Wellness, Productivity, Balance for Graduate Students and Beyond

Feel the Fear and Do it Anyway??

As a person who has long struggled with anxiety, I have a lot of fears:

  • falling down concrete stairs
  • going into my basement alone
  • bats
  • inversion poses in yoga or being upside down in general
  • things jumping out at me unexpectedly, in real space as well as in movies and TV

These things are easy enough to avoid, or to talk myself through. But in my continuing quest to be more mindful, I've started to notice the feeling of fear in unexpected situations. I feel that tickle in my chest, a heart rate slightly elevated. Sometimes, it's a metallic taste in my mouth that makes me clench my jaw (I recently learned that this is adrenaline!) Most often, it feels like a hard, heavy weight in my stomach that makes me shift in my seat, and makes me less likely to eat or drink because it suppresses my appetite. 

Of course I feel that way when I see a dark shadow in the basement, but why do I feel like that before I go to check my social media library? Why do I feel that way when I'm sitting down to check my inbox after a few days away? Why on earth do I feel that way before meditating or going for a run? Could I be afraid? 

Tuning in to how I feel in my body has given me some fascinating data about the reasons I procrastinate or avoid certain tasks. After years of beating myself up about not wanting to go workout first thing in the morning, or feeling guilty about avoiding an email, I've shifted the conversation in my head from:

Why aren't you doing this thing? You're so [insert pejorative statement here.] Do better. 


What are you feeling? What might be making you feel that way? 

So often, what I'm feeling is fear. And getting to the bottom of what I'm afraid of has brought me clarity. 

I'm afraid of being vulnerable (What if this doesn't work? What if this fails? What if they say no? What if they say yes? What if it does work?). I'm afraid of connecting with people who knew me during my PhD process (What if they think my business is stupid? What if they ask me about my research? What if they tell everyone about me?) I'm afraid of my body and the ways it could fail me at any given time (What if my endometriosis is getting worse? What if I can't run because my knees are bad? What if I'm getting osteoporosis or diabetes or heart disease? What if I never reach my "ideal body weight"? What if I do?)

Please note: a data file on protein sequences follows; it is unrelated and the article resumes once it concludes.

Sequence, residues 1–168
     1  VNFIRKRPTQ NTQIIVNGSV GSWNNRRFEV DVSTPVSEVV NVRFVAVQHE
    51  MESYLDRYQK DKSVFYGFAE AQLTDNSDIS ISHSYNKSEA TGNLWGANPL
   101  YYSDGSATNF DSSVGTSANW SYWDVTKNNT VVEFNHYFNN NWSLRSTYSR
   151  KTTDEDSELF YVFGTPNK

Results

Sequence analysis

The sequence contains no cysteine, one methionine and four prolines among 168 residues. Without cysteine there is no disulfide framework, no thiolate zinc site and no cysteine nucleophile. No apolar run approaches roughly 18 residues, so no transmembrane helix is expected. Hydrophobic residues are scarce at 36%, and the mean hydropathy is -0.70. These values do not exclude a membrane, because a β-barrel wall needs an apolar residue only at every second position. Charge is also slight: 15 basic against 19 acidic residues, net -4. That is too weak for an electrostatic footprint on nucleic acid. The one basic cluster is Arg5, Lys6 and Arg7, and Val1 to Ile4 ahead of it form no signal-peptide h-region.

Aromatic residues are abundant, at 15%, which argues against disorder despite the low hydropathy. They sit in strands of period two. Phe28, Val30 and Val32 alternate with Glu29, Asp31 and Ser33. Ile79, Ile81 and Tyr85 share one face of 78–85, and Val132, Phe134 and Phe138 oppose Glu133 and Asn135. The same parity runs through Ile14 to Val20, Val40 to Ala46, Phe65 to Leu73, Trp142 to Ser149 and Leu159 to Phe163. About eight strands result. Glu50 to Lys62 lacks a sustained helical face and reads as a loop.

Lots of professionalization and self help books will encourage you to "Feel the fear and do it anyway!" Go ride roller coasters! Ask for a raise! Take the chance on a new relationship! Connect! Dream big dreams and push past the fear that holds you back from getting there! But I think that if you never deal with your fear, you'll always have to white knuckle your way into moving forward. You'll always need to push, it will always feel hard, and scary. 

So instead, feel the fear and explore it. Think about what is making your fear sensor activate, and stay with the sensation as long as you can stand it. If you can acknowledge that there's an emotional component to the task you're avoiding, the procrastination you find yourself in, you have a better chance at understanding why you're doing the things you doing. 

And with all things in the mindfulness realm, the goal is never to stop feeling fear, or to never feel fear again. Rather, the goal is to identify it and say, "Hi Fear! I know you!" and decide if the reaction is appropriate. Are you on a roller coaster? Go ahead and feel that fear, you're traveling impossibly fast in a small car with minimal restraints. Fear is appropriate. But are you feeling fearful about emailing your advisor, when they have only been supportive in the past? Maybe fear isn't the most appropriate response, and you can use that record of support to encourage yourself to send the email. Or maybe you're feeling fearful about emailing your advisor and you look back at past interactions and they have responded harshly, or in a way that was unsupportive, when you were vulnerable last. Fear is appropriate! But, use that data. Who can you enlist to your team to provide support around that issue? Do you need to make a change? 

I'm committing this year to try and untangle my fear from my procrastination, and become more mindful about why I work in the way that I do. More mindfulness, less pressure and empty platitudes. Wishing you only the best in 2018, and the skills to handle the rest.